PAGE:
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Dynasties of demons : cannibalism from Lu Xun to Yu Hua Keefer, James Robinson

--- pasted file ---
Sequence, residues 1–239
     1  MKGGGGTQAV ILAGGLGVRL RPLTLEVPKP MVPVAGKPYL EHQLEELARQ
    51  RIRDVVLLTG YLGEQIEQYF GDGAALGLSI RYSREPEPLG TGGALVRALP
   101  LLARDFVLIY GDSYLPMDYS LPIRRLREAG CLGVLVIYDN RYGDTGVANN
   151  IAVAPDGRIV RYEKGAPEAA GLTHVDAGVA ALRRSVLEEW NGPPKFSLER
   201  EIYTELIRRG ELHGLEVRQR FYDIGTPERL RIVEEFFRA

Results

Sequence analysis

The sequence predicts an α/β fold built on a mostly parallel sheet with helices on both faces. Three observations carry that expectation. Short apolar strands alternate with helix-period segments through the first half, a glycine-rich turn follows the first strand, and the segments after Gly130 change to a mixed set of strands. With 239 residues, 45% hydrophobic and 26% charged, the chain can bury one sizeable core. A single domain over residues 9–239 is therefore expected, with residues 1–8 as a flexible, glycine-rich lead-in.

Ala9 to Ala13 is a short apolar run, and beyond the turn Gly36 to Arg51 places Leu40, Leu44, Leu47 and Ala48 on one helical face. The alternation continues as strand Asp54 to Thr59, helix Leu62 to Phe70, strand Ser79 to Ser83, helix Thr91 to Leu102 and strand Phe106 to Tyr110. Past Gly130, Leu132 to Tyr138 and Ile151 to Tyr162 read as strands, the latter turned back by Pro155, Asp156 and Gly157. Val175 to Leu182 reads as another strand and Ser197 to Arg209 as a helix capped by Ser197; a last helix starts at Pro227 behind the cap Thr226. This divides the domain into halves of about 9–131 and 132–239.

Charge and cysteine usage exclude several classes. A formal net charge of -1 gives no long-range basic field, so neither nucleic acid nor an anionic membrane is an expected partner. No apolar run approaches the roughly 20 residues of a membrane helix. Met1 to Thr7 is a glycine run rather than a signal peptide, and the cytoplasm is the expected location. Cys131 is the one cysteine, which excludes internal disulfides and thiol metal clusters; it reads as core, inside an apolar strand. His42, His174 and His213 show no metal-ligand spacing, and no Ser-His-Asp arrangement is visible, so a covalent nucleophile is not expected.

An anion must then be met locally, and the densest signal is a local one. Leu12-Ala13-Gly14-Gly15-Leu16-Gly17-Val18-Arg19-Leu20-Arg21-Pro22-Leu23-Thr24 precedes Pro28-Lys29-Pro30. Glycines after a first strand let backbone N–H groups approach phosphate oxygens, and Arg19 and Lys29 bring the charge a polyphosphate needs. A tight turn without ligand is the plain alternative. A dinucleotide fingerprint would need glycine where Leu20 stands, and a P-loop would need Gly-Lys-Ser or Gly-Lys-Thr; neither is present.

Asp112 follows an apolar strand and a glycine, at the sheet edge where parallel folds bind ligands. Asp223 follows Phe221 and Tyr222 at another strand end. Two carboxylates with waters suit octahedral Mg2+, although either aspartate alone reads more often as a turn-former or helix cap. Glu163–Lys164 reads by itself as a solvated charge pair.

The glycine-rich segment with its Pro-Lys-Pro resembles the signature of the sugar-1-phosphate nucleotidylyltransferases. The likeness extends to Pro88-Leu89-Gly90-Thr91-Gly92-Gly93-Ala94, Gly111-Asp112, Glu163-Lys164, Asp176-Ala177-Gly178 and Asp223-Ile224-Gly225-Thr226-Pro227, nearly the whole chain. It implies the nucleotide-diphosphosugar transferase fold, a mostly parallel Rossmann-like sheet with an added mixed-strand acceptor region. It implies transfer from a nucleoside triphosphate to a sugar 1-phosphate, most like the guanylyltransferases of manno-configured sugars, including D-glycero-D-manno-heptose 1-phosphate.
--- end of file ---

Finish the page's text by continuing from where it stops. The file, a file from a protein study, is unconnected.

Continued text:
Dynasties of Demons: Cannibalism from Lu Xun to Yu Hua focuses on the issue of representations of the body in modern Chinese fiction. My interest concerns the relationship, or correspondence between "textual" bodies and the physical "realities" they are meant to represent, particularly where those representations involve the body as a discursive site for the intersection of state ideology and the individual. The relationship between the body and the state has been a question of profound significance for modern Chinese literati dating back to the late Qing, but it was Lu Xun who, with the publication of his short story "Kuangren riji" (Diary of a Madman), in 1918, initiated the literaty discourse on China's "apparent penchant for cannibalizing its own people. In the first chapter of my dissertation I discuss L u Xun's fiction by exploring two distinct, though not mutually exclusive issues: (1) his diagnosis of China's debilitating "spiritual illness," which he characterized as being cannibalistic; (2) his highly inventive, counter-intuitive narrative strategy for critiquing traditional Chinese culture without contributing to or stimulating his reader's prurient interests in violent spectacle. To my knowledge I am the first critic of modern Chinese literature to write about Lu Xun's erasure of the spectacle body. In Chapters II, III and IV, I discuss the writers Han Shaogong, Mo Yan, and Yu Hua, respectively, to illustrate that sixty years after Lu Xun's madman first "wrote" the prophetic words, chi ren A (eat people), a number of post-Mao writers took up their pens to announce that the human feast did not end with Confucianism; on the contrary, with the advent of Maoism the feasting began in earnest. Each of these post-Mao writers approaches the issue of China's "spiritual dysfunction" from quite different perspectives, which I have characterized in the following way: Han Shaogong (Atavism); Mo Yan (Ambivalent-Nostalgia); and Yu Hua (Deconstruction). As becomes evident through my analysis of selected texts, despite their very significant differences (personal, geographic, stylistic) all three writers come to oddly similar conclusions that are, in and of themselves, not dissimilar to the conclusion arrived at by Lu Xun's madman.

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